The risks associated with sexual activity should not be understated.  Pregnancy, communicable disease, and perhaps even death may well occur.  But sexual activity also brings with it the potential for some of humanity’s greatest joy, including allowing one’s self to be completely vulnerable to another person.  Or, in the words of Justice Kennedy, “[w]hen sexuality finds overt expression in intimate conduct with another person, the conduct can be but one element in a personal bond that is more enduring.”  Condom use therefore, reduces the negative risks associated with sexual activity, but it might also diminish the possible richness of the human experience.

For these reasons, I am tremendously skeptical of any governmental attempts to mandate condom usage.  There is inherent dignity in enabling individuals to determine the types of risks they are willing to accept in their sexual lives.  Sometimes this may mean using a condom, and other times, it may mean accepting a certain amount of vulnerability.  The individual and not the government should be able to navigate these types of sexual risks.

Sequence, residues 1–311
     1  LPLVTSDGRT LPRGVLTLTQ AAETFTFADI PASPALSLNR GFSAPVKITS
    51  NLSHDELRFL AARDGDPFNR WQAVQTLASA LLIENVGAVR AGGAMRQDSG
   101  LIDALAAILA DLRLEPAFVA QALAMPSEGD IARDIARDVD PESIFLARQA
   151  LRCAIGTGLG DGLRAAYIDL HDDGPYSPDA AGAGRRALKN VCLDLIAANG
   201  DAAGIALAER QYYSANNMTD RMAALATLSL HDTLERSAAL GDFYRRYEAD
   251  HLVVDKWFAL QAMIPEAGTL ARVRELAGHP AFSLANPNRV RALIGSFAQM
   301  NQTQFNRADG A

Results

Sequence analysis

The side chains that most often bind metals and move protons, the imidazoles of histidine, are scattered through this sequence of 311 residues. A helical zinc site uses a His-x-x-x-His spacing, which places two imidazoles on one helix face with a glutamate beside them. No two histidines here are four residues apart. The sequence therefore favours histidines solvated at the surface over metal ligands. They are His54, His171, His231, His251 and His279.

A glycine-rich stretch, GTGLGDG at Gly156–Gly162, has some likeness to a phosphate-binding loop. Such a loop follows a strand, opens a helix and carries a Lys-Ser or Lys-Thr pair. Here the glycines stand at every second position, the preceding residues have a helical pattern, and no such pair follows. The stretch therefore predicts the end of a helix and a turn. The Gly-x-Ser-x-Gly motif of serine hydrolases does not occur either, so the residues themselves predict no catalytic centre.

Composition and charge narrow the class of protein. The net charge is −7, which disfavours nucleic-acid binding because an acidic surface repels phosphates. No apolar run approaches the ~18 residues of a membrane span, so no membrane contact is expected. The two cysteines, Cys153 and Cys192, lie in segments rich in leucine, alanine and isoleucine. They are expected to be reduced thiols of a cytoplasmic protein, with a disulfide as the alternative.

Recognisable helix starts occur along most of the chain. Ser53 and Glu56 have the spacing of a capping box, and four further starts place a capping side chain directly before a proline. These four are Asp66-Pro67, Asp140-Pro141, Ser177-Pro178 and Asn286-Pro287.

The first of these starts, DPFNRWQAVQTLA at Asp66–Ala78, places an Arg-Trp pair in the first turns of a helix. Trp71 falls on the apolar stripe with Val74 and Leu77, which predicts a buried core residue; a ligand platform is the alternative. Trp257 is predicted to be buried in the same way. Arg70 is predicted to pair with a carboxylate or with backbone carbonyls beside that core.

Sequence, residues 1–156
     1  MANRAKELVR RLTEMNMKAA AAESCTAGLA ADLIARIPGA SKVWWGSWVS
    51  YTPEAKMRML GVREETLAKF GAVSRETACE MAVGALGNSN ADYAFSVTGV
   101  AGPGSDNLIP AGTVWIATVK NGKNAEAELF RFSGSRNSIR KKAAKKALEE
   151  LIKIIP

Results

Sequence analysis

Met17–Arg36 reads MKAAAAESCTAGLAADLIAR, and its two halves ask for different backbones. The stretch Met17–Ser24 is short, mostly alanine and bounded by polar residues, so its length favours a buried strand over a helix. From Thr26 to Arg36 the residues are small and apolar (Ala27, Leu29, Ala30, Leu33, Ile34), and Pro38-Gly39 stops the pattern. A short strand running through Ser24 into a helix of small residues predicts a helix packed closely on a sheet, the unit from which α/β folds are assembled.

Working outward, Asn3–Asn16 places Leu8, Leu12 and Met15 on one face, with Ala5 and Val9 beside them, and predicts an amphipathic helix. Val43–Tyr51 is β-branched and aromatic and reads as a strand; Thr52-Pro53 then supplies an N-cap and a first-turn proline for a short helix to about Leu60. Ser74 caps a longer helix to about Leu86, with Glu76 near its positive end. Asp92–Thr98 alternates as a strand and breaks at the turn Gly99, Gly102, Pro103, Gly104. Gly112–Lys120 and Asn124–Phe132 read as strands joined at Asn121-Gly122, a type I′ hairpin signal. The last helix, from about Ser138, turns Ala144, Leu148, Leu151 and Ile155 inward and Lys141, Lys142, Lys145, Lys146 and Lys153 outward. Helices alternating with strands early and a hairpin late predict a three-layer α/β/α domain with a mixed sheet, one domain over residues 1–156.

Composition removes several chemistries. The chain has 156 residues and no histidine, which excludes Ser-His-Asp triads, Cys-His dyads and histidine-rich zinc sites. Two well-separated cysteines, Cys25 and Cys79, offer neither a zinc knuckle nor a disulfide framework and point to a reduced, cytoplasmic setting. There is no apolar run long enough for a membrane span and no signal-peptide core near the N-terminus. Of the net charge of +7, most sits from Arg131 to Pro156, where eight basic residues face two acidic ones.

It bears noting here, that at least in heterosexual sex, women may bear more of the risk in deciding to have sex without a condom.  Only the woman may be become pregnant and in some instances, she may be more susceptible to communicable disease.  Respecting women’s dignity, it seems to me, requires acknowledging their ability to navigate these risks on their own terms.  Indeed, to the extent that mandatory condom usage may be seen helping and empowering women, a few prominent women in the industry have said that the regulation might actually cause them greater physical harm.  For example, the presence of condoms may cause the sex to be much more abrasive, and thus more likely to damage the women’s genital mucosa.